I’ve been playing volleyball for 10 years, so I know a thing or two about knee pads and their durability.
How long do volleyball knee pads last? With proper care, volleyball knee pads will last you well over a season and – depending on what position you play – might last your entire career. Factors affecting the lifespan are how clean you keep them, what they’re made out of, and the court type. Also, some brands are more durable than others.
But let’s remember: at the end of the day, it doesn’t really matter how long your knee pads last. The fact is, they are cheap, easy to replace, and designed to take impact after impact and lessen the friction transferred to your knees as much as possible.
Don’t be upset if, eventually, they get destroyed.
Today, I’m discussing how long you should expect your knee pads to last, as well as some insights on company warranties towards them. If that sounds like what you’re looking for, let’s dive in!
8 Factors That Affect The Lifespan Of Your Knee PadsTypes of Serves In VolleyballTypes of Serves In Volleyball
A variety of factors contribute to the lifespan of your knee pads. While they will normally last a couple years when taken care of properly, several differing factors can affect the wear and tear of your knee pads and necessitate replacement.
The 8 factors that influence the lifespan of volleyball knee sleeves are:
- Material Type
- Court Type
- Training Schedule
- Level of Competition
1. Cleaning (Wash Them)
Like I discussed in my other article – “How to Wash Knee Pads Without Wrecking Them” – it’s very important to clean your knee pads.
This will not only keep you looking good on court, but also prevent them from accumulating excessive sweat and dirt, both of which will expedite the deterioration of your knee pads.
Regular cleaning (even two weeks or so) with warm-cold water will help maintain your knee pads and keep them looking and feeling great as long as possible.
Something people don’t talk about enough is letting their equipment “air” – or simply taking it out of your bag.
Everyone has a gym bag that they stuff their shoes, socks, shirts, knee pads, and anything else you might possibly need into, and not many people take the time to wash it regularly.
As a warm, dark, and humid environment, the bacteria just accumulates and seeps into your things if you leave them there overnight. This bacteria will make your knee pads feel soggy and weak.
Wash your bag, but also get in the habit of taking your things out to air overnight. This will keep your bag clean and protect your knee pads (among other things) for longer.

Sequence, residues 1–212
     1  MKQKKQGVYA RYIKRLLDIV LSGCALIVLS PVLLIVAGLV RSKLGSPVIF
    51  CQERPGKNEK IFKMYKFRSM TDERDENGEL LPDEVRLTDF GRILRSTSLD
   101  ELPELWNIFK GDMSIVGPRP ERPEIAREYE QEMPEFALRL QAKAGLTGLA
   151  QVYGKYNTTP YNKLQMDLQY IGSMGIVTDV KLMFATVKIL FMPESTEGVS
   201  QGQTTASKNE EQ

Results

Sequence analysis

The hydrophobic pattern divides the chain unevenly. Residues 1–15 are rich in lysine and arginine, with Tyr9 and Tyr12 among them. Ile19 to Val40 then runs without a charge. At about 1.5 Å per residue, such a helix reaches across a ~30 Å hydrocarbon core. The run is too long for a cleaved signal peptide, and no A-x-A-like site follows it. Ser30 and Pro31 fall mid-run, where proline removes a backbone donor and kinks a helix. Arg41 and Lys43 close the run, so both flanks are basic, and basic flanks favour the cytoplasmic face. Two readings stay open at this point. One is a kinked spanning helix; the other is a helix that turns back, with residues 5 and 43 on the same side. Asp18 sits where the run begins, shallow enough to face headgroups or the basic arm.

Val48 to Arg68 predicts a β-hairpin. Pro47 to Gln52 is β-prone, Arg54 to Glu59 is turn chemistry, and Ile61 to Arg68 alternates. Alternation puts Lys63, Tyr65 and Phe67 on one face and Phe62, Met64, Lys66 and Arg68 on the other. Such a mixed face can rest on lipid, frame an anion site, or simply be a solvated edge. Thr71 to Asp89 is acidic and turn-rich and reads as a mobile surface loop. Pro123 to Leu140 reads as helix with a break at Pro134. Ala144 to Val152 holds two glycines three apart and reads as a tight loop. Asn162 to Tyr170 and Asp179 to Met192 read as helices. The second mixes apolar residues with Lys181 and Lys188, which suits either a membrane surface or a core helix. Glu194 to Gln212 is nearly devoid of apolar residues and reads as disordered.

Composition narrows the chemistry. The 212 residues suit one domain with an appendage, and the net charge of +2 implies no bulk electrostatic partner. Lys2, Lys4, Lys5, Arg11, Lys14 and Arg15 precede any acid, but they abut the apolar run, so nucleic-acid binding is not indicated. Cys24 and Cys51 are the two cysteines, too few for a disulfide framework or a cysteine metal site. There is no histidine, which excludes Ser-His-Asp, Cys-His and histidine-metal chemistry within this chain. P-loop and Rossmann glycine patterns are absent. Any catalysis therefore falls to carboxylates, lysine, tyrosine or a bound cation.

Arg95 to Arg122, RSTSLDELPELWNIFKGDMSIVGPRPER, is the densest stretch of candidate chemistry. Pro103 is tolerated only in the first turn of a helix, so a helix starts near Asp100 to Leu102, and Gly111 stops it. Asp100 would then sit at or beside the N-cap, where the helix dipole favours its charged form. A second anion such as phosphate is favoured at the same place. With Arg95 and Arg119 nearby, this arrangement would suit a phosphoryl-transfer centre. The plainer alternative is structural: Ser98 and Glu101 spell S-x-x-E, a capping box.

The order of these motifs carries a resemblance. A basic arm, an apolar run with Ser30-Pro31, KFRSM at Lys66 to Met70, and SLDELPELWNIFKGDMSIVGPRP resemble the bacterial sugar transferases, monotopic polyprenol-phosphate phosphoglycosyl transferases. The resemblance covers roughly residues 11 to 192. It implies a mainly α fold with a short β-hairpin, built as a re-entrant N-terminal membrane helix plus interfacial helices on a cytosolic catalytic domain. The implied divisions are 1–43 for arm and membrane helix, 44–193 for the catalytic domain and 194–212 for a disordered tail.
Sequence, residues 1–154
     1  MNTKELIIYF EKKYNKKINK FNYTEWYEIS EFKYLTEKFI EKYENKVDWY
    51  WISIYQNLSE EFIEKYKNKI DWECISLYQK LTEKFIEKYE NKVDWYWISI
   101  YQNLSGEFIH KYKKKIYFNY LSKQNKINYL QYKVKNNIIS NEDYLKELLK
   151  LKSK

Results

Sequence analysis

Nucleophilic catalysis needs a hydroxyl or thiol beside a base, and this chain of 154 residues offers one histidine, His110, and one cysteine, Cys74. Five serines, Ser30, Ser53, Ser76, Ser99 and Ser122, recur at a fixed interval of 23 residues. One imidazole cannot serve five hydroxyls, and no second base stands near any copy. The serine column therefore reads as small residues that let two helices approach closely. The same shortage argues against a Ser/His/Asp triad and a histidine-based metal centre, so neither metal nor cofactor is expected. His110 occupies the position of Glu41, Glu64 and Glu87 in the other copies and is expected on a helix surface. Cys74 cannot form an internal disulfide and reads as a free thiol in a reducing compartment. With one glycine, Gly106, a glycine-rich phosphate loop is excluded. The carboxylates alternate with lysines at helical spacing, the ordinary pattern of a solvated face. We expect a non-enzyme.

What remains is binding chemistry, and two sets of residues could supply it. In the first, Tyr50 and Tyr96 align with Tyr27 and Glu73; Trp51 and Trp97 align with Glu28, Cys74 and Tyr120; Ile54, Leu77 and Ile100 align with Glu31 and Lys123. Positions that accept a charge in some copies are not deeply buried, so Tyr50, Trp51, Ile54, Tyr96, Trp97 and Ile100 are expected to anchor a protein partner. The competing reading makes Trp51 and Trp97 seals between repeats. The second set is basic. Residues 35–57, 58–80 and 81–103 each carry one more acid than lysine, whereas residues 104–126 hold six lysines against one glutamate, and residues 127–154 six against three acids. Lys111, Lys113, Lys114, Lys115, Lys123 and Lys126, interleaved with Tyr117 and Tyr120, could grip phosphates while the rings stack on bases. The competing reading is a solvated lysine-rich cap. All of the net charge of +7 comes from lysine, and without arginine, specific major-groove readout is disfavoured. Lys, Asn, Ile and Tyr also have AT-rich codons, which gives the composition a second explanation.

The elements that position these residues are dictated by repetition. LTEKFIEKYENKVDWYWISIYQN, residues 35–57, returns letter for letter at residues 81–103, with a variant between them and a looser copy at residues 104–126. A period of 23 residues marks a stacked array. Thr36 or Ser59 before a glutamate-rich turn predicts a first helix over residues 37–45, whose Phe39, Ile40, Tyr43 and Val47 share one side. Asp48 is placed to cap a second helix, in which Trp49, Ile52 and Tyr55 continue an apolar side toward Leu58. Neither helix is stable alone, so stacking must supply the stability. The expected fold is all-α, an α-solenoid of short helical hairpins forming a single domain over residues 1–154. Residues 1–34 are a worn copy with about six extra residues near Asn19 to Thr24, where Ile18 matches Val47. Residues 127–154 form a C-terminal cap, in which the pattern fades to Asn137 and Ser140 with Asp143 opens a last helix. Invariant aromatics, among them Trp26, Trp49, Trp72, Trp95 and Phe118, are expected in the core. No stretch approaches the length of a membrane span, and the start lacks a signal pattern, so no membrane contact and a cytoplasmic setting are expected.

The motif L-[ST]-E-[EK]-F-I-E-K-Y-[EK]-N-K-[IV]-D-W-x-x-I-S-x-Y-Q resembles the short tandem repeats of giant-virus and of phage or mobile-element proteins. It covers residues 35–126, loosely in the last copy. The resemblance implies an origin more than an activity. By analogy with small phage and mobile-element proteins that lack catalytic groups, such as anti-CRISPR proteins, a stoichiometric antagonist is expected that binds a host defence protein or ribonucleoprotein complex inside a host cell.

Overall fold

3. Material Type
Material type is an obvious factor that contributes to your knee pad lifespan. Most knee pads are made of cotton or polyester, both of which slide well on wooden floors and are resistant to tearing. Knee pads with these materials will last longer.
Nylon (or similar products) is the only competing material that you may possibly come across in knee pads, and this rips horribly.
Also, avoid wearing knee pads with sweat pants at all costs, or you’ll be replacing your things every week to keep up with the holes (not literally weekly, but a lot more frequently for sure).
4. Court Type
It might not be obvious, but volleyball knee pads are designed to be used indoors only on hardwood floors (or official volleyball court material).
Using them outside on concrete, sand, dirt, clay, grass, or even inside on carpet will wear them down very quickly and shorten their lifespan.
5. Training Schedule
If you train regularly, between 3 – 5 times a week, you should expect your knee pads to wear down faster than a casual player.
This is totally normal and comes from the increased activity you do.
If you’re worried about them lasting, don’t be: they should still last you at least one season.
Consider your position in volleyball if you’re worried about knee pad lifespan. If you’re a middle blocker, setter, or opposite hitter, chances are you will have the same knee pads for years before they even look like they need replacing.
For outside hitters though, you will see regular wear and tear as you play, since your position requires more diving, passing, and general defense.
Liberos, eat your heart out: knee pads were made for your position. Chances are you already have two or three pairs kicking about your house, and maybe even invested in elbow pads if you’re a serious roller. You probably go through pads every couple months; it’s an occupational hazard.
7. Level of Competition
If you play at a higher level, expect a higher rate of wear and tear on your equipment.